Archive for Tag: student engagement

Monday, August 13, 2018

Let’s Play a Game: Why Games Are Important to Our Students

Kristine Fielding teaches ESOL at Lone Star College in Houston, TX.

“If I gave you one million dollars that you had to spend in one day, what would you buy?”

A question like this is typical in a simple game reviewing second conditional statements or subordinate clauses. One student reads the question, another student answers it using the grammar form that is being reviewed, then asks the next student a variation of the question. A class may even see how fast they can repeat this process for an added thrill. A simple game like this is found in nearly every ESL/EFL class.

Playing games is one surefire way to increase student engagement. Jane McGonigal quotes Mihály Csíkszentmihályi in her book Reality Is Broken: Why Games Make Us Better and How They Can Change the World (2011). The quote reads “One way or another, if human evolution is to go on, we shall have to learn to enjoy life more thoroughly,” (p. 17). It stands to reason that students enjoy class more if we play games, as any experienced teacher knows this. The quote comes from Csíkszentmihályi’s 1975 book Beyond Boredom and Anxiety: The Experience of Play in Work and Games.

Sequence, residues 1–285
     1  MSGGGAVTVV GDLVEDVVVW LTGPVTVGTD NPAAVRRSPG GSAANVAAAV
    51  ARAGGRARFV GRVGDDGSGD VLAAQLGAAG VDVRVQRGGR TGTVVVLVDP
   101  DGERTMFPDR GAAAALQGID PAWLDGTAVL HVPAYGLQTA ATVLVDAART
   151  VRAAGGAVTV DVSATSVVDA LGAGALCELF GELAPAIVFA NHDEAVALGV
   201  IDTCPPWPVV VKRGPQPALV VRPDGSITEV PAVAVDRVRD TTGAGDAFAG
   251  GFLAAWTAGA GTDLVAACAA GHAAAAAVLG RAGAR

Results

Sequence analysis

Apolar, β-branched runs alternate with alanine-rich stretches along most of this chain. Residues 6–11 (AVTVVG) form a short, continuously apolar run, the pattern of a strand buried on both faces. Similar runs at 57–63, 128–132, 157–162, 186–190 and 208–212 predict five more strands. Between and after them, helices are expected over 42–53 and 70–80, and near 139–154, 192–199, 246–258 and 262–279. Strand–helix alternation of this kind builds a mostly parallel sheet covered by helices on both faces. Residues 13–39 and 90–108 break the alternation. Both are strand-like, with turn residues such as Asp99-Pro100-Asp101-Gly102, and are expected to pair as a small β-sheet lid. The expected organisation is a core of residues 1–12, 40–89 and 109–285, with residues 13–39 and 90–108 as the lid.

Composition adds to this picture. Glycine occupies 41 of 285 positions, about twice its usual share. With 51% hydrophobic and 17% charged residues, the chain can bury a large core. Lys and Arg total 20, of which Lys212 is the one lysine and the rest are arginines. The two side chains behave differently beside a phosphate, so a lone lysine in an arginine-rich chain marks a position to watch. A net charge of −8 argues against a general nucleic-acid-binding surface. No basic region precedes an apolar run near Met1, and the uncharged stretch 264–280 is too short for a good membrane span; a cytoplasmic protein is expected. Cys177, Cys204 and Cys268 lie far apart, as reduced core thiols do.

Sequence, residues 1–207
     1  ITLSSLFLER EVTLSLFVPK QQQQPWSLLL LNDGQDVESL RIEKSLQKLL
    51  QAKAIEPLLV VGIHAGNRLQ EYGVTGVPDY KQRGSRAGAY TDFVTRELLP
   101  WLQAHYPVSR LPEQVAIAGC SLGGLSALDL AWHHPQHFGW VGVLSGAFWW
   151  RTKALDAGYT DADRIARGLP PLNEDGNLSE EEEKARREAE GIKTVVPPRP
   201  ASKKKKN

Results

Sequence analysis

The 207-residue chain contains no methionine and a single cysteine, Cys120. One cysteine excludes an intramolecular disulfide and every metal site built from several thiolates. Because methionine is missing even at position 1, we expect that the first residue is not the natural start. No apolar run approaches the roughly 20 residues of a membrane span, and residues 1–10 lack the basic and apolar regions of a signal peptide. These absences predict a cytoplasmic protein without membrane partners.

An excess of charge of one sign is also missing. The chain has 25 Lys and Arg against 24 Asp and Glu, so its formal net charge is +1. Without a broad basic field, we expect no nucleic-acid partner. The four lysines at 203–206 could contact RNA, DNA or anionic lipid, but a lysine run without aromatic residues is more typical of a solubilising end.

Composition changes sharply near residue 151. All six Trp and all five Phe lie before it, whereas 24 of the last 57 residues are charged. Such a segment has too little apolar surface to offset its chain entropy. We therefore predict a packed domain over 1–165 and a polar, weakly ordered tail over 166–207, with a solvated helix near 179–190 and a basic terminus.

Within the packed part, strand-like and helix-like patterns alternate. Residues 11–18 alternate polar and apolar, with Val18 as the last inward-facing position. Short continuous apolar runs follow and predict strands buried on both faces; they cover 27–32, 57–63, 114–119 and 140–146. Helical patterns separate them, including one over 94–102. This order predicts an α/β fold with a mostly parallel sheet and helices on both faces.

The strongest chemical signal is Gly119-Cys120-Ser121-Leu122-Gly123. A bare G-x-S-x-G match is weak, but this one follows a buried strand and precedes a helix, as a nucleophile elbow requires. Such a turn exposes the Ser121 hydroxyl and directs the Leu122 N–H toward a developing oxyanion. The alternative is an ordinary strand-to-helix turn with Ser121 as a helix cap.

Homo Ludens: A Study of the Play-Element in Culture by Swiss author Johan Huizinga was originally published in German in 1944 then in English is 1949. He says, “[C]ulture arises in the form of play, that it is played from the very beginning…In the twin union of play and culture, play is primary” (p. 46). This is often demonstrated in our basic language classes where the lingua franca is still in its infant stages. Students can still play a game, even if they cannot formulate a simple sentence yet. From this game, the class culture is born.